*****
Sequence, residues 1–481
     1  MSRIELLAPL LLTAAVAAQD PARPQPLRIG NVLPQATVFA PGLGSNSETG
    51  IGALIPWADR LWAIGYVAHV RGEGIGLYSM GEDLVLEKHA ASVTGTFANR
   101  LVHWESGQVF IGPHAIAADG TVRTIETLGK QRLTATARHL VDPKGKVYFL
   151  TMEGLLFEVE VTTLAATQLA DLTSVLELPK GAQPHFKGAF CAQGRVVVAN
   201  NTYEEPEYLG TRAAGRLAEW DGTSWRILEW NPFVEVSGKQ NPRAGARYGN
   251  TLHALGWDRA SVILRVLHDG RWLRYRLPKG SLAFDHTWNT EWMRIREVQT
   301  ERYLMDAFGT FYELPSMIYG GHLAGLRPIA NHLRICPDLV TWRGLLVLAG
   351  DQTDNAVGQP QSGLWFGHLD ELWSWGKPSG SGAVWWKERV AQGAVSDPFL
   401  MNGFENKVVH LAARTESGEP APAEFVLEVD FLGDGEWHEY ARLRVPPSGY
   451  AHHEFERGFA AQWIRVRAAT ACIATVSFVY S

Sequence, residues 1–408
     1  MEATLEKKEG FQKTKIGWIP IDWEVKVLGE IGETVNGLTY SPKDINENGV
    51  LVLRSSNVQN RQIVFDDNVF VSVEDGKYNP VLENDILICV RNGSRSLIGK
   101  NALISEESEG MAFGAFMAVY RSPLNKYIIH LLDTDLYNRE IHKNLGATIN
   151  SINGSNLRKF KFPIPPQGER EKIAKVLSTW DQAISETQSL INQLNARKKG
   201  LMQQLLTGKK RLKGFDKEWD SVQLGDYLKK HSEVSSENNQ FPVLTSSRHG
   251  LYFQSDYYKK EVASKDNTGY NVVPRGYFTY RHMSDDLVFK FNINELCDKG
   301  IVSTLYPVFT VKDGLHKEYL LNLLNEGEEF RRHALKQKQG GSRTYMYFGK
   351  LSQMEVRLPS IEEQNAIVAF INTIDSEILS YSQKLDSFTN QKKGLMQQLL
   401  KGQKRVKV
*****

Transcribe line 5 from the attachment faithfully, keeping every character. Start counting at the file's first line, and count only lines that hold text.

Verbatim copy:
   151  TMEGLLFEVE VTTLAATQLA DLTSVLELPK GAQPHFKGAF CAQGRVVVAN